Researchers from the Luddy School of Informatics, Computing, and Engineering, Instituto Gulbenkian de Ciência, and Northeastern University have developed a novel mathematical framework that increases causal explainability and control of biochemical systems, including those involved in disease.
In a paper featured on the cover of the journal Proceedings of the National Academy of Sciences (PNAS), Professor of Informatics Luis Rocha and Alexander Gates, who earned his Ph.D. in complex networks and systems from the Luddy School, introduce the effective graph to capture the nonlinear logical redundancy present in biochemical network regulation, signaling, and control. Together with Rion Correia, who also earned his Ph.D. in CNS from the Luddy School, and Xuan Wang, a current student of the same program, they demonstrate the utility of the approach with computational models of human cancer cells, showing that the effective graph reveals why some cancer medications are more effective than others in killing breast cancer cells.
“The basic idea is very simple: some interactions are much more important than others,” said Gates, who is now part of the Center for Complex Networks Research at Northeastern University. “Given a biological model, we identify genetic ‘master switches’ which render many of the other known interactions redundant. This allows us to identify prominent pathways that effectively control biochemical regulation and signaling. A surprising consequence is that these pathways can change in the presence of drugs. In other words, drugs can change which molecular interactions act as ‘master switches’.”
Gates and Rocha are lead authors for the paper.
“We have analyzed a large battery of biochemical regulation and signaling networks, some involved in human disease, others in well-known biological processes across organisms,” Rocha said. “We have learned that in all these systems there is an unexpectedly large number of redundant interactions. In short, this means that although a certain cellular component, say a protein, may be potentially regulated by a large number of other components, in the dynamics of the cell it is actually only regulated by a very small number of other molecular products. This massive redundancy is likely in place to make biological organisms resilient to random perturbations while facilitating phenotypic regulation .”
The discovery of the redundancy can be used to find the few components that are actually needed to control the cell. The paper exemplifies this with a large signaling network of genes, proteins, and other components involved in breast cancer.
“Our ultimate goal is to be able to identify genes and other molecular elements that can revert a diseased cell, especially cancer cells, to a healthy state,” Rocha said.“ At the Center for Social and Biomedical Complexity, we have been working on using complex networks and systems methods to design and study systems biology models, focusing on understanding how to control them. This agenda includes developing artificial intelligence, machine learning, dynamical systems, and network science methods that can be used at all levels of this process: from inferring networks of biochemical regulation and signaling from experimental data to synthesizing such data into networks and their subsequent analysis.”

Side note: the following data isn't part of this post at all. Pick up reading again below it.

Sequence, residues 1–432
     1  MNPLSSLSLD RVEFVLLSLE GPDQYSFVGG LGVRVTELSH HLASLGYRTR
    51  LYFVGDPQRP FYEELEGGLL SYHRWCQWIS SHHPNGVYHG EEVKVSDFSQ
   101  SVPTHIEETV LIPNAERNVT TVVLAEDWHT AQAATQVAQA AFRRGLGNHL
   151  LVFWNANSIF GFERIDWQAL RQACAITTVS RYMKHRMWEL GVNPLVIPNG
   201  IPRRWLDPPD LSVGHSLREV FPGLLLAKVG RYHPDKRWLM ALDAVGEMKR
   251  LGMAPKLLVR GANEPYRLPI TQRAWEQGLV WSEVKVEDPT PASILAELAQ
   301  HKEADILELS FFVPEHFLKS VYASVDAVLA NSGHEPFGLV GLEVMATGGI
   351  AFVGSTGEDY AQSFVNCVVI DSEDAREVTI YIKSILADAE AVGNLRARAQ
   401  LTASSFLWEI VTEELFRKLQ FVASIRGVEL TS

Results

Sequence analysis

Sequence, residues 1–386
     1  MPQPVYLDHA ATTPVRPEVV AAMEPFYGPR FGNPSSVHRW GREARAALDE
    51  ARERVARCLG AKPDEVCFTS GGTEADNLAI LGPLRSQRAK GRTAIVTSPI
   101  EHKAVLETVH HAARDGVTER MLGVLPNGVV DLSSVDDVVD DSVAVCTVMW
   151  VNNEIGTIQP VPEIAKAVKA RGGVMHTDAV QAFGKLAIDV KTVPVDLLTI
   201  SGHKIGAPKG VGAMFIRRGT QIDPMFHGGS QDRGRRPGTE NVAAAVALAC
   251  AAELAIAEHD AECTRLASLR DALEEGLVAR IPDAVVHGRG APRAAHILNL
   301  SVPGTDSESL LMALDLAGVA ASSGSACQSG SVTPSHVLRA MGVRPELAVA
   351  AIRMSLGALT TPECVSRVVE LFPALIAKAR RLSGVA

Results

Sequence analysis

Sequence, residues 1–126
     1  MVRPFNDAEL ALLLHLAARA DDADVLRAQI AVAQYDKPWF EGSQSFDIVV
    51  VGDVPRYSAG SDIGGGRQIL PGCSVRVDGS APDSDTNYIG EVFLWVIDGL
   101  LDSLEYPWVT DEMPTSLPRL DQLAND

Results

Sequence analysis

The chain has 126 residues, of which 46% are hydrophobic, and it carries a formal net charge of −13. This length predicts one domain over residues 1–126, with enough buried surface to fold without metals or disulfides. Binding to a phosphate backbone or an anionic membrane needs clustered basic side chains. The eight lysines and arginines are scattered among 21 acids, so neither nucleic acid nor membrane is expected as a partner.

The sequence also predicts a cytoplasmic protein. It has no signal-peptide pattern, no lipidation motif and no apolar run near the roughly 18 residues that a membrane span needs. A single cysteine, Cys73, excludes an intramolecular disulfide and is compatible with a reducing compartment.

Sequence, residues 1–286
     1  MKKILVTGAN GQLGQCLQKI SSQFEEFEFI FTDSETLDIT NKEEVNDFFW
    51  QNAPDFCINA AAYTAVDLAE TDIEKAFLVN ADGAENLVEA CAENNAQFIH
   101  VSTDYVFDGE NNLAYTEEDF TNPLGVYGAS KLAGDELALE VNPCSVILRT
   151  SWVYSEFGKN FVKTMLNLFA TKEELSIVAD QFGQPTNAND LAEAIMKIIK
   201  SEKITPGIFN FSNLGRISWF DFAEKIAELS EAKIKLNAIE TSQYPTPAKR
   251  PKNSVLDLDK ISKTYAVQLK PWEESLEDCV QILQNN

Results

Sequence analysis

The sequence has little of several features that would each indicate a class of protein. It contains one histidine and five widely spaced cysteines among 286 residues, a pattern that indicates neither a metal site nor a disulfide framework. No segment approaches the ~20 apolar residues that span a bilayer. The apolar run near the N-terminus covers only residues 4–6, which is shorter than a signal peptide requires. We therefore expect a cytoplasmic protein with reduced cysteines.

Rocha and his colleagues used 78 experimentally validated models derived from systems biology to demonstrate that redundant pathways are prevalent in biological models of biochemical regulation, that the effective graph provides a probabilistic but precise characterization of multivariate dynamics in a causal graph form, and it provides an accurate explanation of how dynamical perturbation and control signals, such as those induced by cancer drug therapies, propagate in biochemical pathways. The process has the potential to be used in a wide variety of other applications.
“From the complex systems viewpoint, we want to expand the range of models the methodology is applicable to, namely by collaborating with specialists to apply it to epidemiolocal, ecological, eco-evolutionary, and even brain networks,” Rocha said. “From the biomedical complexity viewpoint, we will work to include the methodology in translational workflows whereby we can infer personalized networks that can be analyzed for specific disease cohorts and even individual patients.”
The research in the PNAS study has built upon the foundation laid by previous projects funded by the National Institutes of Health, the National Science Foundation, the Fulbright Scholars Program, and other entities.
“Beyond its scientific importance, this work reflects the winding/twisting paths that research takes,” Gates said. “The core ideas were originally conceived as a secondary idea in my Ph.D. thesis project at IU with Luis. It took 6-7 years and interactions with great collaborators for us to formalize the technical details and think through the implications of the framework, during which the project transformed several times. The result is a tour-de-force that I am particularly proud of. It’s a combination of novel mathematics, applied statistical insights, and a detailed biological case-study.”
“Collaboration is the backbone of research at the Luddy School, and Luis and his colleagues have shown what can be accomplished with expertise at multiple levels,” said Kay Connelly, the associate dean for research at Luddy. “Their developments have the potential to create important breakthroughs in treatment, and they open new pathways for advancement.”